One way of thinking of all this is: if tyro Galileo could write a play, then this might be it. But I’d only offer that formulation if it can be taken as a compliment, because there is a great deal in this exhilarating if unruly play to be complimentary about. The ever-quirky and lively plotting and character motivation sometimes have a comic-book/video-game/sci-fi feel but is that a bad thing? After all that is not the point - the script is clearly an exuberant vehicle for the exploring of authorial ideas and Sterne-ian ‘hobby-horses’ (a dramaturgical mode last sighted when Bernard Shaw was still wearing his organic Jaeger suits and playfully turning out dramatic provocations…and, I have to say, that’s a mode much missed amidst the comparative conceptual poverty and nailed-down earnestness of much recent drama). And there is some tantalising motivational nuance and complexity, at least in the depiction of the central Astrid/Thomas ‘backstory’ that drives the familiar dialectic around the efficacy of ‘arid’ science versus ‘woozy’ religion/art, which is here nicely formulated:
You’re right. I see the invisible, you
see the imaginary.
An example of the quality of the writing (and mindful also of Neil Howard’s excellent work in translating here), this is, again, Astrid about Thomas:
I have never been able to love anyone.
But do you know why I married you,
Thomas? Why I conceded to imagining
myself in love? Because even though I
lacked that sensitivity I could
rejoice that it was present in you.
And you were so hard, so good with
words, so fantastically brazen. I
thought we could bring out the best in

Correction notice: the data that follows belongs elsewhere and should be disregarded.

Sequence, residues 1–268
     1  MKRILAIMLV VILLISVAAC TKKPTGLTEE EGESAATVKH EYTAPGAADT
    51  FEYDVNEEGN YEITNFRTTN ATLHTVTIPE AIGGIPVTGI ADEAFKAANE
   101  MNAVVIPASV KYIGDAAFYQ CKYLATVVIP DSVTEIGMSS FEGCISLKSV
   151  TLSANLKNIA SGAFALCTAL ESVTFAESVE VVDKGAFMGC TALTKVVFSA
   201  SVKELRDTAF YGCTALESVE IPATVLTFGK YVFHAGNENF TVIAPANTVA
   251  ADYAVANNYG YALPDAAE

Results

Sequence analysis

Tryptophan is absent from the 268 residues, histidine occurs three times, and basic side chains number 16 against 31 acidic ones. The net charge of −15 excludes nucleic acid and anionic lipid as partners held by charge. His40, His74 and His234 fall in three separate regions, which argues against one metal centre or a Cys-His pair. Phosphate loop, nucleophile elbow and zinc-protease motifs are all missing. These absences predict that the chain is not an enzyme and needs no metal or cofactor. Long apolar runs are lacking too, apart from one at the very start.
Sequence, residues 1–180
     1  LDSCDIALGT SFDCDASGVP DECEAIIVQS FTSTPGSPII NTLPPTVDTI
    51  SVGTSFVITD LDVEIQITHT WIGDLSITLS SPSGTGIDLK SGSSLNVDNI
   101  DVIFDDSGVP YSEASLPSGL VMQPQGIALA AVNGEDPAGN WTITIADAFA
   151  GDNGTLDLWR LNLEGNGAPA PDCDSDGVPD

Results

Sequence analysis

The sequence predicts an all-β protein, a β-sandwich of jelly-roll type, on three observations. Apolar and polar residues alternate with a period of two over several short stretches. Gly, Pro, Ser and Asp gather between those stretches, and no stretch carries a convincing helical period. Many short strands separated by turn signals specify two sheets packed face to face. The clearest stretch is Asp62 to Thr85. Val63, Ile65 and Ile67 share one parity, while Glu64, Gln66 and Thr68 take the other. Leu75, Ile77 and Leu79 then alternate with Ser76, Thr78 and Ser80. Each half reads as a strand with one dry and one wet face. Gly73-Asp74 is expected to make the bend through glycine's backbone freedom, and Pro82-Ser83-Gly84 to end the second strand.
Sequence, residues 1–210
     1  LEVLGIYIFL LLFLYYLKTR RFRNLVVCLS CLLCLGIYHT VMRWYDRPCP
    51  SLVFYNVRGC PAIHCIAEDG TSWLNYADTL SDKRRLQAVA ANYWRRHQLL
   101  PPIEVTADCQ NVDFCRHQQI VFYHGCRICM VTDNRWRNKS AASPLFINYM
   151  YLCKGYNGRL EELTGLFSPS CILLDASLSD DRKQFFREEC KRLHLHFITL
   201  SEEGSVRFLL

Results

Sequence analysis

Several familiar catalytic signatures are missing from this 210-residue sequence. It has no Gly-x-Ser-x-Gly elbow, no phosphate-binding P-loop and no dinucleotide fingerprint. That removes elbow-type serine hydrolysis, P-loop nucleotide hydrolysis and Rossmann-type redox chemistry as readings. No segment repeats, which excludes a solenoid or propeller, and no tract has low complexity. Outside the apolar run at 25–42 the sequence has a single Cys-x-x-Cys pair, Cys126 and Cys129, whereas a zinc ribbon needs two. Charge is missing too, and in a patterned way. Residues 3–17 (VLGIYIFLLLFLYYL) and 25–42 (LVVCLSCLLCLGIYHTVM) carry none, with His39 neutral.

each other. But you’re just words,
Thomas. You never do what you say
you’re going to. You begin every day
with a wish for improvement but
wishing is all you’re capable of.
Sometimes you lie about what you’ve
dreamed just so you’ve got something
interesting to say. I thought it was
embarrassing to begin with, now it’s
become pathetic. I’ve been poison to
you, I can see that. Because you’ve
wiped out more and more of yourself
every day. I caught myself thinking
terrible thoughts about you. And I
just had to stop myself. How could I
be so awful. Because there isn’t a
person left to be awful to.
I can’t see you anymore, Thomas.
Ok the figure of the emotionless scientist is a little familiar, perhaps…but it’s a great speech. In Galileo’s terms this relates to the ‘tummies (or at least virtual tummies) versus brains’ opposition. Further – related - lines of investigation in the play evaluate the efficacy of video game experience versus religion as engines of authentic human development. All very stimulating.
The play’s hero is ultimately last-entity-standing Galileo…who means well and has a good...er... soul….and who ingests things for the best… They - and indeed everyone - is lonely. A sense of humour is proposed as the great signifier of human-ness – and Galileo haltingly acquires his. This is a bildungsroman for the AI generation…and the AI generated.
Oh, and did I mention the constant fast-paced, clever, almost ‘30’s-screw-ball-comedy’ dialogue that occupies the gaps between the soap-box Douglas Adams-ing?
If I was putting a stern dramaturgical face on, I would recommend deciding what the audience should be given for free (so not have to think about...), in order for them to be able to focus on the things that really matter in the play (such as the ideas, the central debate, and the wonderful, un-anchored, homing-trajectory ‘exocet missile’ of the penis-monster-traumatised Roman general etc.). So, a clarification of some of the dramaturgical devices employed and of the time and causality sequences etc. etc. (in terms of the likely real-time perceptual, apprehensive, construing and…er…digestive capacity of an audience). But as with Galileo them/her/him-self, such learning may ultimately be autonomic…and simply a question of spontaneous ingestion - and getting to grips with those Akkadian/Sumerian (and in fact surely pre-Sumerian) vibrations